BARKSDALE: Absolutely. And President Biden, focusing on the ATF, is an excellent step forward. What I'm saying is, on the ground level, the cops need -- they do need federal partnerships so when they do grab somebody with a gun, that person goes federal instead of getting released overnight.


HARLOW: Yes, I mean, we've heard the NYPD commissioner talk to Jim previously about that and in your news piece, I mean what they're dealing with in terms of these people getting out so quickly.

Astead, what's interesting about what Biden is going to say this afternoon is, there's a lot of history here for him in terms of crafting bills to combat crime. I'm talking about the '94 crime bill specifically. And there are parts of it that he has now disavowed and said he was wrong on. But there are parts of it that he stands by and they remain today.

How do you think that shapes his fight on this fund? HERNDON: Yes, I think it's critically important. I remember going to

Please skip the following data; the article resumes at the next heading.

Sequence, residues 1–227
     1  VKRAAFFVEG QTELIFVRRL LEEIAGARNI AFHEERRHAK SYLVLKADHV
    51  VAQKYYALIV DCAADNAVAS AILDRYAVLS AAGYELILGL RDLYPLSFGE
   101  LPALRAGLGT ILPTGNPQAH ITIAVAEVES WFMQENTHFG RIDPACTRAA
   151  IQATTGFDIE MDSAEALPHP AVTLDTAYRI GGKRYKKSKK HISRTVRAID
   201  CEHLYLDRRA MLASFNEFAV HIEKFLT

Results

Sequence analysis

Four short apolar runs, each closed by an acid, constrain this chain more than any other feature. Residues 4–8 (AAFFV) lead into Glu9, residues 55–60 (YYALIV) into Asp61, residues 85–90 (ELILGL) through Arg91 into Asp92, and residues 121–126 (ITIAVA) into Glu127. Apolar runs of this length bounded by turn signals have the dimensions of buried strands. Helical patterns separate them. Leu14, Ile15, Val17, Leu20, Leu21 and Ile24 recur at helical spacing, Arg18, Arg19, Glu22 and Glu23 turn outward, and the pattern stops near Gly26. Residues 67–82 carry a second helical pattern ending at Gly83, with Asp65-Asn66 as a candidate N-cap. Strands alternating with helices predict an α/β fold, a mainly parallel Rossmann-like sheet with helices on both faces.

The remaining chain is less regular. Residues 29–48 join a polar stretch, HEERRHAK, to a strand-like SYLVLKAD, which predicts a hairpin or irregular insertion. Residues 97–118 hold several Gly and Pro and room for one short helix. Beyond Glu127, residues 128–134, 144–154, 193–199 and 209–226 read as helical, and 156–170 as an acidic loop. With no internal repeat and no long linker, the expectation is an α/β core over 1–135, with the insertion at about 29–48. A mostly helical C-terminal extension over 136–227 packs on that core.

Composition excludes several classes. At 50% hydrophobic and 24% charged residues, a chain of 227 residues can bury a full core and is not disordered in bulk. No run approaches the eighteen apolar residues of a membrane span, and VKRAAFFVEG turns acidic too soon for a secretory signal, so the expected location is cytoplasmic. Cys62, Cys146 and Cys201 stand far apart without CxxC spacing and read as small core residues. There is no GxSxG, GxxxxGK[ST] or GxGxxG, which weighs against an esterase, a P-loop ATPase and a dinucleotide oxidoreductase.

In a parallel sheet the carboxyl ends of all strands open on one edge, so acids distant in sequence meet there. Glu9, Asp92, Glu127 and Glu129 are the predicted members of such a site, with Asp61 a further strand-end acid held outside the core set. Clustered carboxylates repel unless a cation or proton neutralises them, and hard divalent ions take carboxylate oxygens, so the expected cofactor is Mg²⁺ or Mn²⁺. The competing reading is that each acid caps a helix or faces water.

Wilmington, Delaware, to write a story about how the Biden -- Joe Biden, the 27-year-old fresh face to Congress, made crime a focus of his initial letter to the Senate, saying that that is something that he wanted to be looking at. And we know how that kind of played out. Not just the '94 crime bill, but the decade leading up to that he worked with people, Republicans like Strom Thurman to try to find a middle ground where they were both kind of taking more punitive, harsh on crime measures. He thought that that's where the Democrats needed to be politically to insulate themselves.